Utilizing a mix of some rarely used grains such as ragi and other healthy ingredients such as oats, soya and rice flour , all soaked in yogurt produces  some delicious Ragi dosas.

Uttapam is a kind of thicker dosa made from idli batter. A healthier version of this can be made with idli batter made from  brown rice and urad dal. See my brown rice Uttapam recipe here.

Following my exploration with brown rice, here is the 4th dosa variety in the series.

2 cups brown rice
1 cup pressed rice (poha)
1-2 tsp mustard seeds
1-2 cups buttermilk
salt to taste

Soak all ingredients in buttermilk for 6-8 hours. Blend in a grinder until smooth batter forms of the consistency sufficient to make dosas. Not as thick as idli but similar to making pancakes. Add salt to taste and mix well. Cover and set aside for 10-12 hours.

To make the dosa, heat a flat pan or griddle on medium flame. Add some oil to grease the pan. Add 2-3 tbsp of batter. Do not spread with spoon, but lightly tilt pan to evenly layout the batter in a circle. Add more oil as necessary and cook until it is golden.

Once one side is cooked, flip with a laddle and cook the other side. Add oil as necessary. It might be little sticky when you flip but don’t worry about it. Usually once it is fully golden it should be easy to flip it.

Serve hot with chutney. You can use peanut or coconut chutney. But my favorite is this south Indian gem. Since no south Indian home is devoid of mango pickle (magayi). This is a fairyly easy and quick way to make a chutney for dosas.

Chutney Ingredients:
1 cup Magayi
1-2 jalapenos
some cilantro
1 cup yogurt (use more if necessary)
1/2 chopped onion (optional)

Blend magayi with cilantro and jalapeno. Transfer to a bowl. Add yogurt and onion and mix well before serving with dosa. Enjoy with a cup of hot tea or coffee.

Tasty! Next time I think I will use brown pressed rice if I can find it.

Brown Rice Dosa

Same Ingredients Tossed Differently

Dosa is another traditional south Indian breakfast item, eaten with chutney, sambhar and potato curry. There are many variations to dosa such as plain, masala, andhra masala, mysore masala, rava and so on. Plain dosa is made from a batter of black gram  and rice similar to the idli batter but ratio of ingredients is slightly different as well as the consistency of the batter is different. Dosa looks similar to a crispy crepe.

1 cup urad dal (de-husked and split black gram)
2 cups rice (I used brown rice this time)
1/2 tsp fenugreek seeds (optional)
handful of beaten rice (optional)
Salt to taste.

Soak rice and dal in separate bowls for 8 hours. If using fenugreek and/or beaten rice they can be soaked with the rice. Grind together all ingredients into a smooth batter. Add salt and mix well. Set aside for 6-8 hrs to allow fermentation.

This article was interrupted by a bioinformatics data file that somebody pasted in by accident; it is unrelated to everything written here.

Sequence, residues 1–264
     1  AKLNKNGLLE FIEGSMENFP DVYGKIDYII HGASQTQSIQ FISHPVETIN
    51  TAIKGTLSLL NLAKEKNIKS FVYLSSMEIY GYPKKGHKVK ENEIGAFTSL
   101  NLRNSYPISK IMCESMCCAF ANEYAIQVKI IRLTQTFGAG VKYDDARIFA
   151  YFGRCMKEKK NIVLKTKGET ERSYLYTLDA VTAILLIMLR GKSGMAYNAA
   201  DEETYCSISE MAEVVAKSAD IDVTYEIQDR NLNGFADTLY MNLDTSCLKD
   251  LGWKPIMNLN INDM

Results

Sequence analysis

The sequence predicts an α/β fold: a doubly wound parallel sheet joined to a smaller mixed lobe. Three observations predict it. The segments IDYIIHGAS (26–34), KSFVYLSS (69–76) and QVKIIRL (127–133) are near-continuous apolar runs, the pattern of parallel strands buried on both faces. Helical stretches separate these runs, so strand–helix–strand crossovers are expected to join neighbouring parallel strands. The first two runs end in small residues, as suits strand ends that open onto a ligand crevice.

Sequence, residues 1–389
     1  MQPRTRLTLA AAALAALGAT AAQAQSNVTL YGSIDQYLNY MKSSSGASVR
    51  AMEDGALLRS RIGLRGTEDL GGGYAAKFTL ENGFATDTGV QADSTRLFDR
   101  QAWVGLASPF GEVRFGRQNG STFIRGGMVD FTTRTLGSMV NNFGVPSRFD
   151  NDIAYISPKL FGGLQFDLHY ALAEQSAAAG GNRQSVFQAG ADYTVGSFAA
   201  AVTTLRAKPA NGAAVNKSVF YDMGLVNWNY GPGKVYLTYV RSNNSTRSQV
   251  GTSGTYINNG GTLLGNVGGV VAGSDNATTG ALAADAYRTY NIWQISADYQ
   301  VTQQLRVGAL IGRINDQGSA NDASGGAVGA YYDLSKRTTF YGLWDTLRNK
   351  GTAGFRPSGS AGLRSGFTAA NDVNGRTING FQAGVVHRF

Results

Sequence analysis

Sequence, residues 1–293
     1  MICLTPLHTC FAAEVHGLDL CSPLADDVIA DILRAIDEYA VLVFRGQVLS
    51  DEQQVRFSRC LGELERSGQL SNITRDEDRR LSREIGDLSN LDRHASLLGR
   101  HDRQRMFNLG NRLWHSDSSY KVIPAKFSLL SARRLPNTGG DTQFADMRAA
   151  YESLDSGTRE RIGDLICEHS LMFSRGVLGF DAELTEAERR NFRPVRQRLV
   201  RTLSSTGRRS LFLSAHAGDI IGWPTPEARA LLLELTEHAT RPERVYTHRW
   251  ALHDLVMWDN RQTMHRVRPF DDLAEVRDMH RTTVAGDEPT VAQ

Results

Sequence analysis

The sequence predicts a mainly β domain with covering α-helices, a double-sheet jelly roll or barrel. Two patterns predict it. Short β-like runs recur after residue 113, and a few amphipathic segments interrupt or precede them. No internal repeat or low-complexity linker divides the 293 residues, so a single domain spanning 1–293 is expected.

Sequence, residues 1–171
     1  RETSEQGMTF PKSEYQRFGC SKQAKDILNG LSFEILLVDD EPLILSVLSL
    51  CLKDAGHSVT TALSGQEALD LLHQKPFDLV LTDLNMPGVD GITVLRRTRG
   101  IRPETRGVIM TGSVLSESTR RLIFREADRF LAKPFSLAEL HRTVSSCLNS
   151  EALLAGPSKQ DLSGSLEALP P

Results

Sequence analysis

When ready to eat, heat a flat pan on the stove top. Grease the pan with some oil evenly. Thin the batter using additional water so as to be able to spoon in a thin layer of batter on the greased pan. Add 1 tbsp oil around the edges. Cook on medium flame till it turns lightly golden and starts to peel off the pan.

Traditionally masala dosa is fried only one side provided it is paper thin, masala powder or paste is coated on the uncooked side and topped with potato curry, folded over like a taco and served with hot sambhar and chutneys (tomato, mint, or coconut).

For plain dosa or when making thicker dosas or uneven dosas it is necessary to flip and cook both sides. Enjoy with a hot cup of fresh brewed South Indian coffee!

Ragi Dosa

My friend Radha had posted a link to this recipe a while ago, after an unsuccessful first attempt, tried this again this morning with better results! If you are looking for a healthy breakfast ideas, give this one a try.  The original recipe can be found here. (Don’t use the two cups of water as it says in the recipe there, add as needed to make the batter. I found one cup works for this measurement of ingredients)

1/4 cup Ragi flour
1/4 cup Oats
1/4 cup rice flour
2 tbsp soy powder
1 tbsp flax seed (optional … my ingredient)
1/2 cup yogurt
a little chopped cilantro
1 green chili chopped
1/2 medium onion chopped (optional)
salt and pepper to taste
1-2 tbsp oil or as needed

Mix all the powders, add yogurt and approximately one cup of water to mix the batter. Consistency should be similar to that of pan cakes. Add chopped cilantro and green chilli. You can either mix the chopped onion in the batter or sprinkle on the dosa in the griddle. Set aside for 30 minutes. 

Heat the griddle, spread some oil on the surface. Pour half the batter, (turn the griddle to spread the batter, rather than spreading it with a spoon), add some oil and cook on medium flame until it turns golden brown. Flip the dosa and cook on the other side. Add oil as needed.

Makes two medium dosas. Enjoy with some chutney!